The failure by some to recognize that the war on terrorism is a religious war, Power said, is one example of how the country has strayed too far from the biblical teachings that are the basis of his beliefs.
Power said not all Muslims, whom he called Mohammedans, are guilty of the crimes committed by fellow Muslims, but that too many have failed to speak out and condemn terrorism.
"I don't hate Mohammedans," he said. "But he has to abide by our rules. We don't accommodate our culture to adapt to anyone."
According to Rhodes, 65, the Brooksville City Council candidate, the Bible encourages Christians to become involved in government. It is unfair, he said, to fault them for doing so.
"Every person who is sitting in office is guided by his or her own convictions regardless of their church affiliation," Rhodes said. "So why should a Christian be singled out?"
But for Ed Golly, president of Atheists of Florida, it is not a matter of singling out one faith over any other for scrutiny, but ensuring that religious beliefs play no role in government policymaking.
Golly stressed that political leaders are secular leaders who must not allow religious feeling to dictate their decisions.
"We are not a theocracy," Golly said. "We are a federal republic and the Constitution is the law of the land."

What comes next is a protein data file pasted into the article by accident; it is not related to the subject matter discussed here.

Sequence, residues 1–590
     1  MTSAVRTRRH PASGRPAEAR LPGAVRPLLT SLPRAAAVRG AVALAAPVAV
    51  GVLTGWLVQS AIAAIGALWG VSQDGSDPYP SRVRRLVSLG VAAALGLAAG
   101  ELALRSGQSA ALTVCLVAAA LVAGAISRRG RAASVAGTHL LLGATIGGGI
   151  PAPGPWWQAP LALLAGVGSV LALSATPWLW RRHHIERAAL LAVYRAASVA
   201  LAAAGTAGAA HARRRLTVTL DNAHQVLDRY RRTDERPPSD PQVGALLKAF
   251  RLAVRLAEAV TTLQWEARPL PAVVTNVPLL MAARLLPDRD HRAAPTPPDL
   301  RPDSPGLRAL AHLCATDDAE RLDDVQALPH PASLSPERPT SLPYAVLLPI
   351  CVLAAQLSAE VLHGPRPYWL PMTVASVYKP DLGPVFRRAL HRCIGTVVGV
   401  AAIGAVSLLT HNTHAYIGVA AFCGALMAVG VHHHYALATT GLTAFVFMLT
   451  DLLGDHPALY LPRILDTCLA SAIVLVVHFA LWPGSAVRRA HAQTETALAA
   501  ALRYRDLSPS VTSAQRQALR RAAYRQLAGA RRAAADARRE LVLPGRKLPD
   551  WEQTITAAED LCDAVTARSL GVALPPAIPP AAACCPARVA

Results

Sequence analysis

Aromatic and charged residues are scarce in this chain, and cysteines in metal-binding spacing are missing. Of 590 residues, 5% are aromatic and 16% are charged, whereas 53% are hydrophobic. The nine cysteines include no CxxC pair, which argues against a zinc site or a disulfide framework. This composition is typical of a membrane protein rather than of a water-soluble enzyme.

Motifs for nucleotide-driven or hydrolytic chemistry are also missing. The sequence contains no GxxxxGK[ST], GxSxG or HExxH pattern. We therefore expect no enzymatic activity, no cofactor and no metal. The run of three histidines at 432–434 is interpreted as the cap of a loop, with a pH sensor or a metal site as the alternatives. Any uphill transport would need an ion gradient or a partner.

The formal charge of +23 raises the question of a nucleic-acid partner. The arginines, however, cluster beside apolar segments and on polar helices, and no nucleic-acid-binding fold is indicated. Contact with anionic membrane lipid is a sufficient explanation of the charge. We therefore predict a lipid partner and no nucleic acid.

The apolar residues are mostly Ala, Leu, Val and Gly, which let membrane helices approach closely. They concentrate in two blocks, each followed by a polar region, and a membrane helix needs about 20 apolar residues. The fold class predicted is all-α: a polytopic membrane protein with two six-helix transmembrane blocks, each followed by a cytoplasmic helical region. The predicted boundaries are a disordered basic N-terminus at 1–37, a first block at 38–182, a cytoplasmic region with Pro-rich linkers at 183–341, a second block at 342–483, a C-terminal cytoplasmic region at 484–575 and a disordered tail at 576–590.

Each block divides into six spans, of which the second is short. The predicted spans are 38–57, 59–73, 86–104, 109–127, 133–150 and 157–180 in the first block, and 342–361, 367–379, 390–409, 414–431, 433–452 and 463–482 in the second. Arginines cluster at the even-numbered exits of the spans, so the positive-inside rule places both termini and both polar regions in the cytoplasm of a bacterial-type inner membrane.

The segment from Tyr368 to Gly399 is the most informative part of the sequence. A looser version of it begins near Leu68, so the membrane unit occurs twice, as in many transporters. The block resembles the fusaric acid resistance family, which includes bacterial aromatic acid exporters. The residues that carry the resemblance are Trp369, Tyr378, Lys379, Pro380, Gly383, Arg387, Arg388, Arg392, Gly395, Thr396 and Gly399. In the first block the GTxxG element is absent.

In response, pastor Frazier pointed out that in a theocracy, churches enforce their will on the people. In the case of the candidates affiliated with his church, Frazier said, it is the voters who will pass judgment on them.
Frazier said Landmark Baptist would refrain from endorsing any candidate in the race.
Though not a church member, County Commission District 1 candidate Luke Frazier, 18, holds many of the same views as the Landmark Baptist candidates.
Asked by a Times reporter whether he wished to have his conduct judged by God or by his fellow men and the laws they have created, he thought for a moment before choosing God.
"I follow the teaching of Christ," Frazier said. "And I believe the Bible is the truth."
According to the Rev. Frazier, another church member is considering entering the race for District 1. That person, Frazier said, is undecided.
_ Will Van Sant can be reached at 754-6127 or vansantsptimes.com.